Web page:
We’re Coming in to Land
All too often we see our clients spend hard-earned money on PPC campaigns but are unhappy with the results. Or worse, they’re happy with the click-through rate but don’t realize they are spending too much on mediocre results. Why? Because they aren’t thinking like a visitor and it shows in their landing page design.
As part of our White Hat SEO audit process, we typically review conversion rates as well as the details in a client’s Google AdWord campaigns. Not only do we look at keyword quality, we also analyze ad wording (customer need) and its related landing page (solution to that need). The disconnect between the two can be astounding not because of laziness, but of poor design.
Here are a four landing page design principles to convert more visitors into customers:
A Great Headline is Everything
You’ve got two seconds or less to capture attention before your potential visitor moves on. You can easily experiment on a headline’s effectiveness by some simple A/B testing, so you can determine which one brings more clicks or which one need to be refined further. Want to plug and play? Then use this great infographic from HubSpot to fill in your blanks.
Clear The Clutter
A key landing page design principle is the balance between a branded and clean sales focus. While the page should look as if it belongs to your company’s brand, it’s an opportunity to be a clean uncluttered step into your sale funnel. And the page doesn’t have to be part of your main website’s content. By keeping it separate you aren’t constrained with design elements (like sidebars) required for navigational usability.
Remember, a landing page needs to be obvious as to the action you want your visitor to take. Click Here. Start Here. Buy Here. You get the idea. Deliver a page that makes it easy to delivery on your ads promise. If not, you’ve annoyed the visitor and your reputation takes a hit. And, your PPC campaign got the click through but not the sales conversion.
Ask For One Thing
It may be tempting to upsell or cross-sell on your ad’s landing page. Research has proven that when a visitor is given a bunch of choices they tend to not choose at all. Your landing page should ask for one specific action and make it obvious. Rather than words with a hyperlink, design a button for that one action.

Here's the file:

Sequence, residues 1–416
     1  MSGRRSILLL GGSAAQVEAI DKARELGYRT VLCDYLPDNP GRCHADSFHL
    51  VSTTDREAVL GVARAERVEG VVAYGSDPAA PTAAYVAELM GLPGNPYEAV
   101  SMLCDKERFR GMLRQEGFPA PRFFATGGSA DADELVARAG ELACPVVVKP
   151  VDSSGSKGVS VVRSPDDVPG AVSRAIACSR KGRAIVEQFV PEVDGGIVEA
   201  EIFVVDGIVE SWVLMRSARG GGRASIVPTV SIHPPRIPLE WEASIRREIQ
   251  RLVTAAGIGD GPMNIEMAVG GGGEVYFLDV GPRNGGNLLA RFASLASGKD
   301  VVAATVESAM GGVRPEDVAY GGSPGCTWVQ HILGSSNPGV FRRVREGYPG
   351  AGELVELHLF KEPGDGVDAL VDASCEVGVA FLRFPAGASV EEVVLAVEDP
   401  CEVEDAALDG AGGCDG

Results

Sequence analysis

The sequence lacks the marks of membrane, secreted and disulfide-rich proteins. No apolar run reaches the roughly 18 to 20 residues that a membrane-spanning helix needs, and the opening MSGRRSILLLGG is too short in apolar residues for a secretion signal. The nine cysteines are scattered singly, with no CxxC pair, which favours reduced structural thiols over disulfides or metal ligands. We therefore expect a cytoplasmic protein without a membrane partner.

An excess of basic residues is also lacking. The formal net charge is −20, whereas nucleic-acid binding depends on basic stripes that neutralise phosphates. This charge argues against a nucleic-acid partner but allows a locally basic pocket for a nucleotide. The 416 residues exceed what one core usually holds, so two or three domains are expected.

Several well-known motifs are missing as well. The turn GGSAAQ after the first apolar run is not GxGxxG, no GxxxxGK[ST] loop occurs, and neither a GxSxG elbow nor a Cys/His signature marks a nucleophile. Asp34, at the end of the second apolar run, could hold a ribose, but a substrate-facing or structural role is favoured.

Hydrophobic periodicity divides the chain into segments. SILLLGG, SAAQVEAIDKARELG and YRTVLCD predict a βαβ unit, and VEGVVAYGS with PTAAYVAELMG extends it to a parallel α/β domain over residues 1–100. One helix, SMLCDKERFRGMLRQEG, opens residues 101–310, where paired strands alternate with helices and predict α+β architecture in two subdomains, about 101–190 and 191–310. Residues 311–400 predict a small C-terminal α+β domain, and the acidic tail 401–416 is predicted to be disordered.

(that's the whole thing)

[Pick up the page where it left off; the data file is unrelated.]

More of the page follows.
Just because you’re simplifying the page down to one action doesn’t mean you can ignore aesthetically pleasing design. Multiple fonts, clashing colors and unattractive (or worse, annoying) graphics compete for eye focus are hallmarks of bad landing page design. They also send the non-verbal message that you are disorganized or that your company may be as unpolished as your landing page.
So keep the design clutter to a minimum as well. When used correctly, white space enhances a landing page, helping to put the focus on where you want the visitor’s attention to go to. Otherwise, it’s just another bad example of a hot mess that confuses your visitor. Tailor the page to the offer, including compelling reasons they should take action, and make it easy. Now you’re improving conversion rate without increasing your PPC budget. How cool is that?
Landing Page Design
Got a landing page that’s a cash cow or one you’re particularly proud of? We’d love to see it.
How can we help?
What do your links and content say about your site’s SEO? What does your data say in Search Console?
We are Spectrum Group Online, and we offer strategic and tactical consulting so you can monetize your online presence. Call us for a complimentary 30-minute consultation to discuss your website’s user experience and translate that into sales.
Photo credit – Top: Vimeo